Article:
Second, there are very few connections that are able to transfer that amount of data to a monitor. 4K and 60Hz are already at the top of what DisplayPort 1.2 and HDMI 2.0 can handle. Add an adaptive sync technology (G-Sync and FreeSync) and HDMI 2.0 is out of the question. HDMI 2.1 is on its way but is not on any monitors or graphics cards yet. The only connection left is DisplayPort 1.4 which is the standard on graphics cards since 2017. Most cards from Nvidia’s 10-series and AMD’s Vega-series has DisplayPort 1.4. If you have an older graphics card, you are out of luck. 

However, it’s said that the first monitor with these specifications will come in Q1 2018. An example of such a monitor is the Acer Predator X27. We have to wait and see.

If you want to use any of the adaptive sync technologies, there are a few things that you must fulfill first. The first thing is that you will need a graphics card that supports it. That is almost all graphics cards since 2015 so that should be easy. 

The second part is that you will need to use DisplayPort 1.2, which is also a standard on most graphics cards. The third part is that your monitor will need to support the technology you want. If you have a graphics card from Nvidia, you will need a monitor with G-Sync. If you have a graphics card from AMD, you will need a monitor with FreeSync. 

These technologies are not compatible with each other. Thus, you cannot have a graphics card from Nvidia and use FreeSync and vice versa.

Nothing. If you use an AMD card on a display with G-Sync, you will still get all the benefits that the monitor provides, like the resolution and refresh rate. However, you will not have the smoothest experience and you will experience screen tearing, just like the old days before these technologies.

Most likely, yes. Consoles use HDMI as a video output and most monitors come with at least one HDMI port. You will not be able to use G-Sync or FreeSync with a console and you will never go higher than 4K 60Hz since that’s the maximum settings the latest consoles can handle. But it’s an option if you want to have your PC in the DisplayPort connection and the console in the HDMI connection.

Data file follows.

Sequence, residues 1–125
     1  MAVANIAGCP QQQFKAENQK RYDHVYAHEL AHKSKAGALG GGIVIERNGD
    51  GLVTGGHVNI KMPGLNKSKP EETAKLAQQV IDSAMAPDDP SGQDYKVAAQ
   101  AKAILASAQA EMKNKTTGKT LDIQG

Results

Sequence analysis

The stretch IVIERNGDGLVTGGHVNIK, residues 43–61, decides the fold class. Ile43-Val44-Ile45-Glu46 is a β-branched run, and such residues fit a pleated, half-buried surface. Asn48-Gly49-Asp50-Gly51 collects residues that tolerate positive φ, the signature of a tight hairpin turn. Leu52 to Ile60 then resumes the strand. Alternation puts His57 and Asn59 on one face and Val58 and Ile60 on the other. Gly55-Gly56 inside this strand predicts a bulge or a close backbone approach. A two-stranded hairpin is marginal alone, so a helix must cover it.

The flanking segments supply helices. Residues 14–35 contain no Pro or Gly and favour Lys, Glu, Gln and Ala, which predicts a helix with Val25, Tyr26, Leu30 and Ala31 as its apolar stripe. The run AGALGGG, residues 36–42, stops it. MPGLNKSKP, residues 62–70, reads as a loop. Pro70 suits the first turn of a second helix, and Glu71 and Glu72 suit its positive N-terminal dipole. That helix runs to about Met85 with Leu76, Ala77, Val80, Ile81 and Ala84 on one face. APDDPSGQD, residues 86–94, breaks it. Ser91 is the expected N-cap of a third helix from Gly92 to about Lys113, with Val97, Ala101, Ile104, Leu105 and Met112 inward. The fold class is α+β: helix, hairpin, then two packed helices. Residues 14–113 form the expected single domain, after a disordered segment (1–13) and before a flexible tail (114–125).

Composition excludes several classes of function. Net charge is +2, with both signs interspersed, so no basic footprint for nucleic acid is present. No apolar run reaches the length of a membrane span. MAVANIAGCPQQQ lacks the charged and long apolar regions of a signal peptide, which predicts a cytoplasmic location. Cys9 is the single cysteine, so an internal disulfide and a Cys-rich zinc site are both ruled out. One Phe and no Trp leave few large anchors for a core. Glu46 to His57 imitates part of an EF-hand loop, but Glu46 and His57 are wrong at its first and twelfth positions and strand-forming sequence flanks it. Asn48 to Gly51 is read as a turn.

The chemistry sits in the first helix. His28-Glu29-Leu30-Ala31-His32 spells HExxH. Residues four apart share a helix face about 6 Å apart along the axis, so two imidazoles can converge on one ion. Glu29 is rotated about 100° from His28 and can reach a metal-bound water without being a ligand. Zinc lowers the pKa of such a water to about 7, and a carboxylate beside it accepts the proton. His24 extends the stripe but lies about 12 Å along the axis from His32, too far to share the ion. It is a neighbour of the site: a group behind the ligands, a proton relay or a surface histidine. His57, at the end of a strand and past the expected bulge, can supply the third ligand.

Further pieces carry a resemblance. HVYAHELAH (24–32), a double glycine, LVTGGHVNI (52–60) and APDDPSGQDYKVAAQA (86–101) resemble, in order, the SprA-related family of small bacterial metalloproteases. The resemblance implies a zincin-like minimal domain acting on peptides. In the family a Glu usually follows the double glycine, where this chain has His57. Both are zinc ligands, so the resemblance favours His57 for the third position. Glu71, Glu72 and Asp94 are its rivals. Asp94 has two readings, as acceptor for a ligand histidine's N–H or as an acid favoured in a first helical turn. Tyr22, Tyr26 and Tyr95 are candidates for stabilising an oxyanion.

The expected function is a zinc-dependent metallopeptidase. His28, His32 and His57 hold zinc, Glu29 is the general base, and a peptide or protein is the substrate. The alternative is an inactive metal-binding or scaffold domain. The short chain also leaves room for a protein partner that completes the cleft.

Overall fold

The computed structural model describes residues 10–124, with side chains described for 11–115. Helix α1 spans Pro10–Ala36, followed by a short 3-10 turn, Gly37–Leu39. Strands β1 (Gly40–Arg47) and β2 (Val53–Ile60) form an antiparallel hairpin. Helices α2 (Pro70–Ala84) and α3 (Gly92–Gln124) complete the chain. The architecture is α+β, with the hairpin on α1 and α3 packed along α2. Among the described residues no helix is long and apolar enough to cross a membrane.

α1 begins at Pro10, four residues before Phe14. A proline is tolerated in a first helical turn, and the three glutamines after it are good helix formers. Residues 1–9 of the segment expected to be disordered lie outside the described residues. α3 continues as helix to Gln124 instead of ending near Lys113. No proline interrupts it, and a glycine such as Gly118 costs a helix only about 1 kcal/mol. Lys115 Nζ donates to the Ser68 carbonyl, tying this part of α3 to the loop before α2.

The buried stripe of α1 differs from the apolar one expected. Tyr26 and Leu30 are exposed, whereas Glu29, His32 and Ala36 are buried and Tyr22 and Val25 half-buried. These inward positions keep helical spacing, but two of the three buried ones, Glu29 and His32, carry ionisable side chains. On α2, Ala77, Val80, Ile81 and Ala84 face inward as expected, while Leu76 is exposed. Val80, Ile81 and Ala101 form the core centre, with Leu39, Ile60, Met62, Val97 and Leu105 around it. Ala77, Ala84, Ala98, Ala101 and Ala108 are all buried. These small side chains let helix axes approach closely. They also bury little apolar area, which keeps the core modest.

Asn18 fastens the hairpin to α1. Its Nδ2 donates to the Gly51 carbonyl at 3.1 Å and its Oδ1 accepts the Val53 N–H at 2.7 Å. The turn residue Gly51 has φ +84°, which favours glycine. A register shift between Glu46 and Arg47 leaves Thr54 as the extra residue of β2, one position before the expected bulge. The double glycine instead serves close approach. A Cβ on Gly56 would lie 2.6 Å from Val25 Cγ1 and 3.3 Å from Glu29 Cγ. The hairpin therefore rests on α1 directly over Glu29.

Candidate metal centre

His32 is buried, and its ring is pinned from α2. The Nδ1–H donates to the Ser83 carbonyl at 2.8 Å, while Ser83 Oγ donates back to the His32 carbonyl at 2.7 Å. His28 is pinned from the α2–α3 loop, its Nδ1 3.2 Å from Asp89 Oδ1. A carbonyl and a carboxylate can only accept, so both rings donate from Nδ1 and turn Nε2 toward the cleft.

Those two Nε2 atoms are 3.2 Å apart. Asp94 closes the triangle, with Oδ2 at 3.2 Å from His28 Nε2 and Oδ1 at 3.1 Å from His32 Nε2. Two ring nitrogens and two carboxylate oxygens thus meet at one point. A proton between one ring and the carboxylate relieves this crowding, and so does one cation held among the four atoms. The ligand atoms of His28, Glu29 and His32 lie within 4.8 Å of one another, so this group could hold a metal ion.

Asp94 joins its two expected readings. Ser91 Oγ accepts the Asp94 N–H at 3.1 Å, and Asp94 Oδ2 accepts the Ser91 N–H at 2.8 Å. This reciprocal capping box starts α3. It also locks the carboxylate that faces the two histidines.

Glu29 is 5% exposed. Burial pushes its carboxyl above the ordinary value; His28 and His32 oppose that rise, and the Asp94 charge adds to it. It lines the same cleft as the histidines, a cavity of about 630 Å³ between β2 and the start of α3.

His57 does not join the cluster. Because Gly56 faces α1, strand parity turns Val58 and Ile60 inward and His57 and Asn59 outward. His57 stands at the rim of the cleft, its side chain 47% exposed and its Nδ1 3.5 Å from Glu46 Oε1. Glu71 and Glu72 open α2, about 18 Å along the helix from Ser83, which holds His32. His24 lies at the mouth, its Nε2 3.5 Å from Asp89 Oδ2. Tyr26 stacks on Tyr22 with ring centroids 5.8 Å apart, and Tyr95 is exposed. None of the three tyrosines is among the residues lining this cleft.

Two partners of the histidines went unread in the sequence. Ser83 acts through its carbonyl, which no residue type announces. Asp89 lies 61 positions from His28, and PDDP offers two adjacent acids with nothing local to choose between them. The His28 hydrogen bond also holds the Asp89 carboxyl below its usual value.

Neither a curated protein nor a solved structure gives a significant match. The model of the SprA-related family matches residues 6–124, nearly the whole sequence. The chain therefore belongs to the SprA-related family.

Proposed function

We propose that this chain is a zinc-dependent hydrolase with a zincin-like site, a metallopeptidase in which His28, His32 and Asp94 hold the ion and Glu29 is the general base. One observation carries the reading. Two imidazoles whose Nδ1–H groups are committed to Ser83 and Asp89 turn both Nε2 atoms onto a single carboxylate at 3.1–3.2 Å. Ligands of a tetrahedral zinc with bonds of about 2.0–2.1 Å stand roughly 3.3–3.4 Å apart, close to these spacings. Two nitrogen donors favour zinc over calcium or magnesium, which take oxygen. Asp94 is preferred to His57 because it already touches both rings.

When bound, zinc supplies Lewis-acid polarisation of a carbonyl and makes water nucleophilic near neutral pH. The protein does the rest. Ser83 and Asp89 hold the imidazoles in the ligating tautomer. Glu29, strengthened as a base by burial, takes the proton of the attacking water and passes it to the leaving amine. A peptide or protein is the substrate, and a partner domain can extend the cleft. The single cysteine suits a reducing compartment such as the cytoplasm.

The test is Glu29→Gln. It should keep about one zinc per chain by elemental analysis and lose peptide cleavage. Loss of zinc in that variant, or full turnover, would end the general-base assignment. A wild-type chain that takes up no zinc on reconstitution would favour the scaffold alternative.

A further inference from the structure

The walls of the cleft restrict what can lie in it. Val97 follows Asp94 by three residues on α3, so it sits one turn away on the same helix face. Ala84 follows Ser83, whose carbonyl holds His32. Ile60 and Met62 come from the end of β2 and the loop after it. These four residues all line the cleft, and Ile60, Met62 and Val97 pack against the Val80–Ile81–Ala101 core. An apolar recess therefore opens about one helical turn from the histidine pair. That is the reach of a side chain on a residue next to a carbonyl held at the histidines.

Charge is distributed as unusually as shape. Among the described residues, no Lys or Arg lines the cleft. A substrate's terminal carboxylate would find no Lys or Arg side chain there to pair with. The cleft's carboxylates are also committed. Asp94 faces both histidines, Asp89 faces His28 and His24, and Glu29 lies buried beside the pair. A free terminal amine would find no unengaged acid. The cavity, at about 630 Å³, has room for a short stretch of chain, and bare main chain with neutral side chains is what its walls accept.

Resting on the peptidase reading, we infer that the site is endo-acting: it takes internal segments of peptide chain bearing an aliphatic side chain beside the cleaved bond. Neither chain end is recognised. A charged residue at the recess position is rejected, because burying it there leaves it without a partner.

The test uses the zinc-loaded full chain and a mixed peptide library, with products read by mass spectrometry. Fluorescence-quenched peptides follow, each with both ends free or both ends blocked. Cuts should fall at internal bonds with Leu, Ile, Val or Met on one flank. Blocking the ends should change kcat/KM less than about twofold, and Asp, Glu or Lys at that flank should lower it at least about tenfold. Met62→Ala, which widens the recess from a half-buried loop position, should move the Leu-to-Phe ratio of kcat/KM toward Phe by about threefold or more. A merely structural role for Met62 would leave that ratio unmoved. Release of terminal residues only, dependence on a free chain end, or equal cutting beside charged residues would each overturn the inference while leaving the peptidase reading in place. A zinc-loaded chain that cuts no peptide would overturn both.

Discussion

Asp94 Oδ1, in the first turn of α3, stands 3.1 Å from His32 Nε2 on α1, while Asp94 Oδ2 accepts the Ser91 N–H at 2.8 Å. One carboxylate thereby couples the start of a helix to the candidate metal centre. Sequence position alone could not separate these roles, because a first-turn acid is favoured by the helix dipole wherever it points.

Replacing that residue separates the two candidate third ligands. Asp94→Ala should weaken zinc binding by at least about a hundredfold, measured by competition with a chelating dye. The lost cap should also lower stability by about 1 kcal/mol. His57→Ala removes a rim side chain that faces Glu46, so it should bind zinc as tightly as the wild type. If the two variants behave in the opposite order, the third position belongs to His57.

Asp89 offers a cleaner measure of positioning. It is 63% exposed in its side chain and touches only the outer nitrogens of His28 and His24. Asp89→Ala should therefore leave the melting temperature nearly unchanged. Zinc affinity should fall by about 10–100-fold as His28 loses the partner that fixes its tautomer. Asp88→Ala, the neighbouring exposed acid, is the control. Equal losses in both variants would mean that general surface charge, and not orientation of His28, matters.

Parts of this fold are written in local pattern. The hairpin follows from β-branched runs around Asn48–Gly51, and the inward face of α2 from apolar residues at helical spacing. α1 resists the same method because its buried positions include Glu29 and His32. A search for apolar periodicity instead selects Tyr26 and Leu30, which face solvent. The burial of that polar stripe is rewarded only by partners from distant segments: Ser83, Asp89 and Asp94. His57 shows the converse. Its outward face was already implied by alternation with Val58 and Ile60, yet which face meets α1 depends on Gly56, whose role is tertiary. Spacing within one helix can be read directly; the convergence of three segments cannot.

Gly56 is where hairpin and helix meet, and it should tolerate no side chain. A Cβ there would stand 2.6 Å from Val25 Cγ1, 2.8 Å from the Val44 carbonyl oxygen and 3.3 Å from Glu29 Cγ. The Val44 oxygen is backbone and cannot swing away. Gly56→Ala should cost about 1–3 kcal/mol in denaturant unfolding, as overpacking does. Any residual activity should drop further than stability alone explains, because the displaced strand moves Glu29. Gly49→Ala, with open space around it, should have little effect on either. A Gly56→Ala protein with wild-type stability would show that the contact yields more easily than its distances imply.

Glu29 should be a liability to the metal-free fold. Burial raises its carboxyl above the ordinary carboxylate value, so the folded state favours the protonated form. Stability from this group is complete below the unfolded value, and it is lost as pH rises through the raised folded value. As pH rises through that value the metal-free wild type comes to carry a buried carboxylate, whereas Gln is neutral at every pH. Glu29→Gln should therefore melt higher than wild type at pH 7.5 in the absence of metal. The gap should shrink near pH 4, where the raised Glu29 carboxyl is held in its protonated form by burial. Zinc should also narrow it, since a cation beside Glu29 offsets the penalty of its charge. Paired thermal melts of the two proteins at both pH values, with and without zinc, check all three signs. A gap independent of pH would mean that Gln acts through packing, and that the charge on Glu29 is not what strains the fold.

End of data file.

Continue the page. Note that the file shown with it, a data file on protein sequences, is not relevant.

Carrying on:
This is a big topic to answer and deserves its own post really. It comes down to how an LCD panel works. An LCD gets its light from behind the panel, where the light source is. When darker images are shown on the display, the LCD tries to block the light. Backlight bleed occurs when the light isn’t fully blocked. 

Newer technologies such as OLED has solved this by turning off the light in that section. This means that backlight bleed is not possible because there is nothing that lights up from behind. This is not something that an LCD display can do. 

If you want to test your monitor, you can use Backlight Bleed Test. This website will show you a black screen and if you see that some areas of your display are brighter than others, you have backlight bleed. If you do the same test on an OLED, the whole display will look like it’s turned off. 

Some monitors can offer a slight bump in refresh rate if you go down in resolution. However, it’s often not more than 15Hz and that is not worth it. Running a monitor with a lower resolution than native is not a good idea, visually. Try lowering the resolution on your current monitor and see what happens. New monitors handle lower resolutions the same.

Some monitors can offer a slight bump in refresh rate if you go down in resolution. However, it’s often not more than 15Hz and that is not worth it. Running a monitor with a lower resolution than native is not a good idea, visually. Try lowering the resolution on your current monitor and see what happens. New monitors handle lower resolutions the same.

Wrapping Up

That was a lot of information. If you are going in thoughts of buying a 4K gaming monitor, you should now have much more information about what monitor will suit you. Any of the above monitors is a great purchase and if sharpness and colors are something that sounds attractive to you, 4K is the best option. Just make sure that you choose a gaming monitor with the adaptive sync that works with your graphics card. 

We may not be at 144Hz yet when it comes to 4K and that is the biggest drawback for us gamers. For anyone that is using a 144Hz monitor today, that’s quite a deal breaker and it’s perfectly understandable. If you are that person, maybe you should look at our buying guide for the best 144Hz gaming monitors where I feature monitors that have QHD resolution and support up to 165Hz refresh rate.

As always, you are welcome to ask your questions in the comment section below. Anyone of us or another visitor will give you the answer you deserve. You should also comment what 4K monitor you got and if it’s worth the money, partly for bragging what monitor you have (which we all love to do) and partly because you can help someone else out with their purchasing decision. 

All the monitors we mentioned can be purchased on Amazon. If you decide to purchase using one of our links, we will get a small commission from that which will not cost you anything extra. It will help us to keep doing what we love; Talk about gaming and hardware. So, thank you in advance. If you want to learn more about what this means, you can do so here. 

Be sure to check out our other gaming-related buyer’s guide that will help you make a better decision when it’s time to swipe that card of yours.